EVANSTON — “People will never know how far a little kindness can go.” These words were written by teenager Rachel Joy Scott in her final school essay shortly before she became the first victim in the Columbine school shooting nearly two decades ago. These words are now part of the message to people taking part in Rachel’s Challenge, a program focused on changing school and community cultures by replacing bullying, violence and negativity with kindness and compassion.
Schools in Mountain View and Lyman took part in the Rachel’s Challenge program this week, with student presentations and activities during the school day and an evening presentation for parents and community members held in the Mountain View High School auditorium on Tuesday, Feb. 19.
Rachel’s Challenge is a nonprofit organization started by Rachel’s family following her death. Finding inspiration in the words she left behind in her diaries, as well as the multiple messages they received from Rachel’s classmates about the impacts of her kindness, her family launched the program in an effort to make positive changes in students’ lives and remedy the problems of bullying, isolation, teen suicide, discrimination and school violence.
There are differing program components to ensure that presentations and the activities are age-appropriate for students from kindergarten through high school, as well as components aimed to keep the positivity going in a school long after the initial presentation. Since its inception, the program has been introduced in more than 25,000 schools in the United States.
Rachel’s Challenge was brought to Bridger Valley schools through a grant from FCCLA (Family, Career and Community Leaders of America) and funding for the Rachel’s Challenge program was donated by Foster and Lynn Friess.
Angela Sweep, state adviser for FCCLA, said they were contacted by the Rachel’s Challenge program last summer after the Friess family reached out and asked them to get it into as many Wyoming schools as possible. Sweep said she experienced Rachel’s Challenge firsthand at a conference in the fall.
“After seeing it, I wanted every student in Bridger Valley to see it,” she said. “Mr. Friess’ donation to Rachel’s Challenge made it happen for our community.”
At the Tuesday evening program, Larry Scott, Rachel’s uncle, spoke to parents, students and community members about his niece’s legacy. He said Rachel’s family members were unaware of the extent of her thoughts and deeds until recovering her diary from her backpack — both marred with bullet holes — following the shooting and being contacted by several of her classmates. The words she had written were those of a seemingly far older and wiser person than a young teen girl.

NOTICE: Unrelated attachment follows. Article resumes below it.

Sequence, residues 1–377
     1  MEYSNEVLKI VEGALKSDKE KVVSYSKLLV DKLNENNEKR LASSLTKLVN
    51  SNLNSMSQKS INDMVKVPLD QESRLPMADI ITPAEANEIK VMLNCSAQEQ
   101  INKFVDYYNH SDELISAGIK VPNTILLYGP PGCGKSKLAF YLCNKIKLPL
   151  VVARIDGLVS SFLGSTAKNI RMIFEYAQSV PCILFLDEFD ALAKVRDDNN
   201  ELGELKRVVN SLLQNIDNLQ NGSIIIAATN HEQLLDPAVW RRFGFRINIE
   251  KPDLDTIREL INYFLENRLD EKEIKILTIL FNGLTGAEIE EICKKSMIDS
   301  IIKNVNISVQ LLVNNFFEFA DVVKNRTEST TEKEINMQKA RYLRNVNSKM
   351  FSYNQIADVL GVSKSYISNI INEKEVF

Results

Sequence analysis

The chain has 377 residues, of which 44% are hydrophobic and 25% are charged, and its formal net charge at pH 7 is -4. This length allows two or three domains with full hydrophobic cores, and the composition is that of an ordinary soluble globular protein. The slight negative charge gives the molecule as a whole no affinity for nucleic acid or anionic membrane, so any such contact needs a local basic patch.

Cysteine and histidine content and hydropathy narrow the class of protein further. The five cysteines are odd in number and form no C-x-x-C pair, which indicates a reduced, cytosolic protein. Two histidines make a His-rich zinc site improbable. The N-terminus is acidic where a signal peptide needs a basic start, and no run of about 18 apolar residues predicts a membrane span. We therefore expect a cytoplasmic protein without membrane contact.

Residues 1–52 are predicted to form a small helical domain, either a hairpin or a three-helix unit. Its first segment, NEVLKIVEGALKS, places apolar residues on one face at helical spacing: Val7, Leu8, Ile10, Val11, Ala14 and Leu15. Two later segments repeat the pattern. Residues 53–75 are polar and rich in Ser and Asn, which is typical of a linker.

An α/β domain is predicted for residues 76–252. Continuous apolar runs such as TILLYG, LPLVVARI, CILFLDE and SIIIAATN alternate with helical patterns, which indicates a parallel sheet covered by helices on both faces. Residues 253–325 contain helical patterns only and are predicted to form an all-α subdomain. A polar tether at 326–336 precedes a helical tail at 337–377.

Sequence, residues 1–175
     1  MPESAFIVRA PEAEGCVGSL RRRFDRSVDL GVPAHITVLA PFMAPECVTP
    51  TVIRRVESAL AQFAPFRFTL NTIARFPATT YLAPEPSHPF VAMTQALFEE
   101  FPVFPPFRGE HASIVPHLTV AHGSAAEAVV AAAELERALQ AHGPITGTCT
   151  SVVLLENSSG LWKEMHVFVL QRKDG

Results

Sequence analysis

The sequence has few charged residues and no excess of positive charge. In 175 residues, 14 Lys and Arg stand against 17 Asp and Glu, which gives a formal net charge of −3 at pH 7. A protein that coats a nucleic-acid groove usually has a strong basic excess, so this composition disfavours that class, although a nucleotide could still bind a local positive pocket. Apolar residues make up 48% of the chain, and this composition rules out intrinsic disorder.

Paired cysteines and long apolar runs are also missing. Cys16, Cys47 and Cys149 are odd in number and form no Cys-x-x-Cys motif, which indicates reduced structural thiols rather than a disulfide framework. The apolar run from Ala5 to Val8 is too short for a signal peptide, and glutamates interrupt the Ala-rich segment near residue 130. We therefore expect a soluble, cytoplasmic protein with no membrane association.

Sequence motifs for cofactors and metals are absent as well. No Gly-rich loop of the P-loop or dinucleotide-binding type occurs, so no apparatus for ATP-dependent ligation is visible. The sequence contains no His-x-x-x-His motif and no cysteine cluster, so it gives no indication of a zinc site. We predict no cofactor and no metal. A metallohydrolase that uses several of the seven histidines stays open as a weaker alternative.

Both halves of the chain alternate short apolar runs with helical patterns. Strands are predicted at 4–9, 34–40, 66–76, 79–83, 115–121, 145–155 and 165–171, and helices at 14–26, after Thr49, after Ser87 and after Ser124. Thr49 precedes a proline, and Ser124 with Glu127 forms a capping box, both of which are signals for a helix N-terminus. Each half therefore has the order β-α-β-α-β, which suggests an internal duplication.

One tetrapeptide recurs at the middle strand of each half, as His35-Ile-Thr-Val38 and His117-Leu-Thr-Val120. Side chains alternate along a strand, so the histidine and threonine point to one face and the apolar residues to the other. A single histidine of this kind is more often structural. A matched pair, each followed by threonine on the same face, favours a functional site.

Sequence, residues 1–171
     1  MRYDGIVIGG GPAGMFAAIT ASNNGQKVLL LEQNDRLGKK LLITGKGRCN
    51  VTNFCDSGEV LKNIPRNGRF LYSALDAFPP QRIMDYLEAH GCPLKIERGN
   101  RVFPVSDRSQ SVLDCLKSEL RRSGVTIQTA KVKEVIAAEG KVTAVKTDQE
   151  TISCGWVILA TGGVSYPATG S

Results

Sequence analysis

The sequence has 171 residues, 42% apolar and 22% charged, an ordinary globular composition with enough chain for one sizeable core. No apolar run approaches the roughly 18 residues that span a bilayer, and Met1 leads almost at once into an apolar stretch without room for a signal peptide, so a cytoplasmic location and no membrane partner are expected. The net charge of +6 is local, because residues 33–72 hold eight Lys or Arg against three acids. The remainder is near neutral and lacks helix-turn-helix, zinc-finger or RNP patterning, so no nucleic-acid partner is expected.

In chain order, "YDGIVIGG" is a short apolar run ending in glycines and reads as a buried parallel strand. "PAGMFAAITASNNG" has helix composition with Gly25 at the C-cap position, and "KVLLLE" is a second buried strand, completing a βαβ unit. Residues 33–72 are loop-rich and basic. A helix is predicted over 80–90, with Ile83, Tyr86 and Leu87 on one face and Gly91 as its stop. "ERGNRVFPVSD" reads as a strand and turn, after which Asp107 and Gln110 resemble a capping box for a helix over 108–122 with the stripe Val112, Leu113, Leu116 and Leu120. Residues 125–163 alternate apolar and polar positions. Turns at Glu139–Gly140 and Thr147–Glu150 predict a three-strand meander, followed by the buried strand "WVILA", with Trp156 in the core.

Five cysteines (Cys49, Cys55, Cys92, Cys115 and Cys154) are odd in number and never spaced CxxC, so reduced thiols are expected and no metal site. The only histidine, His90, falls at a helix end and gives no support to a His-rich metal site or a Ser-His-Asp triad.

Rachel had written about her desire to reach out and show kindness to everyone, but especially to three specific groups, including special needs students, students new to the school and students being picked on and bullied. Larry said one particular student who was being bullied reached out to Rachel’s family to tell them how her kindness and efforts to defend him were directly responsible for saving his life when he decided not to follow through on a plan to kill himself.
Several people in the audience Tuesday evening could be seen wiping away tears and sniffling as Larry shared videos and memories of his niece and spoke about her premonition that she would die at a young age. He asked everyone in attendance to think about the people they love the most and promise to tell them so. “We take the people we’re closest to for granted,” he said. “We use and abuse them. We need to tell people how much we love them.”
Larry shared his belief that words are powerful. “It matters how we talk to each other, what we say and how we say it,” he said. He admonished parents to watch their words, especially when speaking in anger, because children are always listening. “More is caught than taught at home,” he said. “Words both affect and infect.”
Rachel’s Challenge program participants are given five specific challenges, including looking for the best in others, dreaming big, choosing positive influences, speaking with kindness and starting their own chain reaction. The latter challenge is also attributable to Rachel’s writing when she wrote that one kind and compassionate deed by a single person could start a chain reaction and create change.
Larry said the challenges and messages shared through the program have saved lives, both through hundreds of suicidal students deciding not to act and through preventing school shootings. He said there had been at least seven school shootings prevented when students came forward with information after participating in the program. “We receive stories every single month,” he said, from participants crediting the program with savings their lives.
He also shared stories of students who had been responsible for bullying who were impacted by the program and took steps to make amends. Larry said the program helps people empathize with others. “People bully and mistreat each other because they don’t value each other,” he said.
Another part of the program involves launching Friends of Rachel Clubs at participating schools, which are basically kindness clubs focused on doing good deeds. Larry said there are more than 20,000 such clubs in the United States currently, and students in the Bridger Valley have already stepped up to get them going in Lyman and Mountain View schools.
Toward the end of the program, Larry urged people to think about their legacy. “When you die people aren’t going to talk about how nice your house was or what kind of car you had. They’re going to remember what you did for other people,” he said. “When you’re gone, what are people going to say about you?”
Additional information about Rachel’s Challenge can be found at rachelschallenge.org.